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Britannia Petite - Breed Profile:
Appearance and coat descriptionThe Britannia Petite is a very small, delicate-looking rabbit that resembles a miniature hare. The body is quite long and slender, with the spine displaying a full arch and the stomach tucked in. The short erect ears stand close together. The proper covering of the ears should reveal no pink skin tone. The head is wedge-shaped. The long front legs make the rabbit stand up tall. The short coat is fine, dense, silky, and close-lying. Weekly grooming with a slicker brush should be enough. In shedding periods, twice a week grooming is recommended. The American Rabbit Breeders Association (ARBA) accepts five colours of the Britannia Petite: the ruby-eyed white (accepted in 1977), black otter (1992), the chestnut agouti, black (both accepted in 1995), and the sable marten (1997). However, the Britannia Petite can be found in a variety of other colours such as blue-eyed white, chinchilla, and red agouti.
The maximum weight is 2,5 pounds, so the breed is one of the smallest pet rabbits.
TemperamentThe Britannia Petite tends to be somewhat more high-strung than many other rabbit breeds. They are lively but can be quite temperamental, hyper and nipping. However, any rabbit's personality is 95% breeder and handler, and 5% genes, which means that if the animal is handled correctly from the very beginning, it will become a lovely, amiable pet. Therefore, this breed is not generally recommended for novice rabbit owners as it requires a lot of patience and experienced handling. When they are sitting calmly in your lap, the smallest trigger can set them into a flying tornado, literally leaping out of your arms in a terrible startle. One must be aware of this when choosing this breed. They do not like being in the cage and truly enjoy climbing across you and leaping up and over your shoulders. If fact, they may even nibble you when you try to take them down, so the Britannia Petite is not recommended for families with small children. Exceptionally curious and energetic, they require toys and human interaction to prevent boredom and unhappiness. If curiosity killed the cat, it would definitely kill these little guys, too.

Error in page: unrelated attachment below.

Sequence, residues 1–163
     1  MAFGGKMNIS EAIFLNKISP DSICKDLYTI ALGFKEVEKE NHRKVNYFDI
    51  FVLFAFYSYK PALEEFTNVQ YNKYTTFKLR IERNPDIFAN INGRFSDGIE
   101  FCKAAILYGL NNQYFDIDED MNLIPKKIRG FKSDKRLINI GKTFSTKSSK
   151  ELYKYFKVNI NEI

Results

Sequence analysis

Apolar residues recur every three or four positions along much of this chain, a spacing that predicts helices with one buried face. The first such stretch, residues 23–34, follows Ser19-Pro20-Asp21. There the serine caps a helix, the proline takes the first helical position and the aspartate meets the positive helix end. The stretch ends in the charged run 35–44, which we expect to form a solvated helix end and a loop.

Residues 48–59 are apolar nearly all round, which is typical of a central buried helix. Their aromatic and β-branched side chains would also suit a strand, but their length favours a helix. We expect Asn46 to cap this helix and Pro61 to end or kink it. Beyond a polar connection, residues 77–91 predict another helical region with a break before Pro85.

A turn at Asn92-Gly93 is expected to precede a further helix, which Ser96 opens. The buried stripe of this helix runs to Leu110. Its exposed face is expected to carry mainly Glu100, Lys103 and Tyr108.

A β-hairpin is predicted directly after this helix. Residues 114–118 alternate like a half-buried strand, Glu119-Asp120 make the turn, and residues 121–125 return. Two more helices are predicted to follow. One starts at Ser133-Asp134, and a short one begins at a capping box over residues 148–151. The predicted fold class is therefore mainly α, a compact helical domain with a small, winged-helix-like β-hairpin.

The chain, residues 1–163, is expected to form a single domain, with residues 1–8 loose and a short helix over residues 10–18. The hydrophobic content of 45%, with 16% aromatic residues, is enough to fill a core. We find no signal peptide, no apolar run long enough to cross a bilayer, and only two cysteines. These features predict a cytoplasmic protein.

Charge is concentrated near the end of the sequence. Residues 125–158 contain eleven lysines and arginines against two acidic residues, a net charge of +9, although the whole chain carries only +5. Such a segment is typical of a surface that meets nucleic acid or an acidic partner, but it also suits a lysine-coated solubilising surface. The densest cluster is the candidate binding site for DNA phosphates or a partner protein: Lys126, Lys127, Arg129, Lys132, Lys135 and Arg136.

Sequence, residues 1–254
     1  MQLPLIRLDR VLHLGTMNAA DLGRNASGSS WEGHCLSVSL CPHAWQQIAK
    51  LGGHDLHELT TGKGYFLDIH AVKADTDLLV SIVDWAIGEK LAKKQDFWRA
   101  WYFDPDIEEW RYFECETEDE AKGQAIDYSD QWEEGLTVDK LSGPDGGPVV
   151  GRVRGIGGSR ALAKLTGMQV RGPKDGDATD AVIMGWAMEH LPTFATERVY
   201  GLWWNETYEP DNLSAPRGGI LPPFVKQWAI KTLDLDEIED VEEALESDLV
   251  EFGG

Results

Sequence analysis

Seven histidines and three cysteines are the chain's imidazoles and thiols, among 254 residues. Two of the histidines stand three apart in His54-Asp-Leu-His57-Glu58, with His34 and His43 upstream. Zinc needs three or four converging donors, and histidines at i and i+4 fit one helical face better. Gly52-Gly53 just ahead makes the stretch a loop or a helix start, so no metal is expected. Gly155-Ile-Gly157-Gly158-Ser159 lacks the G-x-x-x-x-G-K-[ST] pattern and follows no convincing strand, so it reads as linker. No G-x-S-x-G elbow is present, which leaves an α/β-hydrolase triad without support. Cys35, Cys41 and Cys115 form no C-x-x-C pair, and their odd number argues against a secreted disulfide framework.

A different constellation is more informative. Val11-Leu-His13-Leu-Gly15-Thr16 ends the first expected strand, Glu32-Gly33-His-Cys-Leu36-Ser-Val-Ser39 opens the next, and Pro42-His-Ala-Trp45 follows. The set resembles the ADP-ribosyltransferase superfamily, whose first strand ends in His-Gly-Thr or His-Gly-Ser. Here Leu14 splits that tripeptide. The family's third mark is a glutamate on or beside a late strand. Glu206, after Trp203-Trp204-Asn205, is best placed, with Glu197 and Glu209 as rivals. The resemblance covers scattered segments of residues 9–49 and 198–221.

Health and hutchQuite healthy and robust. Nonetheless, these rabbits require especially careful handling because of the delicate body type. The average lifespan is 5 to 8 years, although some individuals can live up to 10 years and even more. This breed doesn't require much room space.
Other interesting factsThe Britannia Petite is believed to have been developed from small wild rabbits, which may partly explain its bad reputation of being quite moody and excitable. This breed is also known as the UK Polish rabbit.
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